Job 33:1-7 record Elihu’s request that Job hear him out. "Yourselves" in Job 33:5 should read "yourself." Elihu next summarized what Job had said (Job 33:8-13). He explained that God spoke in dreams and visions (Job 33:14-18) and through pain (Job 33:19-28). Job had had dreams (Job 7:14) that, Elihu suggested, should keep Job from improper actions and attitudes, specifically, pride that would be sinful and would lead to his death (Job 33:17). In sickness and pain God brings people closer to death. This leads them to evaluate their lives and, if they respond properly, to grow in their relationship with Him.

"God whispers to us in our pleasure, speaks in our conscience, but shouts in our pains: it is His megaphone to rouse a deaf world." [Note: C. S. Lewis, The Problem of Pain, p. 81.]

The angels are God’s agents in bringing both sickness and restoration to people (Job 33:23; cf. Job 5:1; Job 9:33). The "ransom" (Job 33:24) probably refers to the sick person’s repentance. Seeing the light (Job 33:28) means being kept alive. Job 33:29-33 summarize Elihu’s argument.

"Unfortunately like so many well-meaning messengers of grace, Elihu was so fully convinced of his good intentions toward Job that he became insufferably overbearing." [Note: Smick, "Job," p. 1007.]

"Elihu did, however, perceive the significance of the all-important principle of God’s free grace, which the others had slighted." [Note: Kline, p. 483.]

Elihu’s views contrasted with those of the three friends as follows.

Three friendsElihu
Sin leads to suffering.Suffering leads to sin.
Suffering is retributive.Suffering is protective
Suffering is punitive.Suffering is educational.
Job should repent.Job should learn.
Job should initiate restoration.God had initiated restoration.

Who was correct? Other Scriptures indicate that God uses suffering both to punish sinners and to produce spiritual growth. In some cases, He may have one purpose in view, and in other cases, another. On the other hand, both Elihu and the three friends were wrong in some of what they said. Job was not a great sinner, and God sometimes intervenes personally and directly in human experience.

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These files are public domain.
Text Courtesy of Used by Permission.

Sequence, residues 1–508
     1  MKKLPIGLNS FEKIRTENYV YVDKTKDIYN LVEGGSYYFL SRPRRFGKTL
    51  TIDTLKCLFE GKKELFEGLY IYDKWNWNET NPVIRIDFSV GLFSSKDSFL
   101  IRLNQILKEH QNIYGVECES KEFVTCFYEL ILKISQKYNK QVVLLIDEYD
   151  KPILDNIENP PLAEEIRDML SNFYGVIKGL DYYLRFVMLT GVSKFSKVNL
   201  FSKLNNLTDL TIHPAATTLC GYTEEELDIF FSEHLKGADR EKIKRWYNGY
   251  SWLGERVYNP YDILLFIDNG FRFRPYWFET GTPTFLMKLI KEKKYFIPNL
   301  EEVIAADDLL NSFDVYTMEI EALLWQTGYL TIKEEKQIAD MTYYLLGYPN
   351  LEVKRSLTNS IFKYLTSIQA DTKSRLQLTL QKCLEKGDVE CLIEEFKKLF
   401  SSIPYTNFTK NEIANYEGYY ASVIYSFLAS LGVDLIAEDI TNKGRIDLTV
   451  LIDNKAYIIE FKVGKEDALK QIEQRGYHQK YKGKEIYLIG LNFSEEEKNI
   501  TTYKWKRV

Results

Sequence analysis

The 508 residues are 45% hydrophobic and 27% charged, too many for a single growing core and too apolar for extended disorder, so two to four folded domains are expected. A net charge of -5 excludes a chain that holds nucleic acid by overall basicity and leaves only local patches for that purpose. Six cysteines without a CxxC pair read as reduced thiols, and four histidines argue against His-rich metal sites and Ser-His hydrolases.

Bibliographical Information
Constable, Thomas. DD. "Commentary on Job 33:19". "Expository Notes of Dr. Thomas Constable". 2012.

John Gill's Exposition of the Whole Bible

He is chastened also with pain upon his bed,.... This seems to be another way, in which God, according to his eternal purposes, speaks unto men, as the word "also" intimates; namely, by afflictions, and sometimes painful ones; which have a voice in them, and men of wisdom will hearken to it, Micah 6:9. Pain here signifies not pain of the mind, or a wounded spirit, which is very afflicting, distressing, and intolerable; but pain of the body, as the next clause shows; and this endured on the bed, it being so great as to confine a man to his bed, or is what he felt there, where he might hope for ease and rest; see Job 7:13;

and the multitude of his bones with strong [pain]; not with a slight one, but a very strong one, such as those felt who gnawed their tongues for pain, Revelation 16:10. Jarchi interprets it, the multitude of his bones, which are strong; though they are hardy and strong, yet filled with exquisite pain; and not one, or a few of them, but a multitude of them, as there are a multitude of them in a man's body; even all of them, as Hezekiah complains, which must be very excruciating indeed, Isaiah 38:13; and which was Job's case; not only his flesh was in pain, through the sores and ulcers upon him, but his bones were pierced in him, and his sinews had no rest, and he was full of tossings to and fro, Job 7:3; and in this way he was, as other good men are, reproved and chastened by the Lord; and in which way he had spoke to him, as he does to others, and which should be attended to; and since such painful afflictions are but fatherly chastisements, they should be patiently endured, and the voice of God in them listened to, and before long there will be no more pain: the "Cetib", or textual writing, is, "the contention of his bones is strong"; through pain, or with which God contends with men; we follow the marginal reading.

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The New John Gill's Exposition of the Entire Bible Modernised and adapted for the computer by Larry Pierce of Online Bible. All Rights Reserved, Larry Pierce, Winterbourne, Ontario.
A printed copy of this work can be ordered from: The Baptist Standard Bearer, 1 Iron Oaks Dr, Paris, AR, 72855
Bibliographical Information
Gill, John. "Commentary on Job 33:19". "The New John Gill Exposition of the Entire Bible". 1999.

Matthew Henry's Complete Commentary on the Bible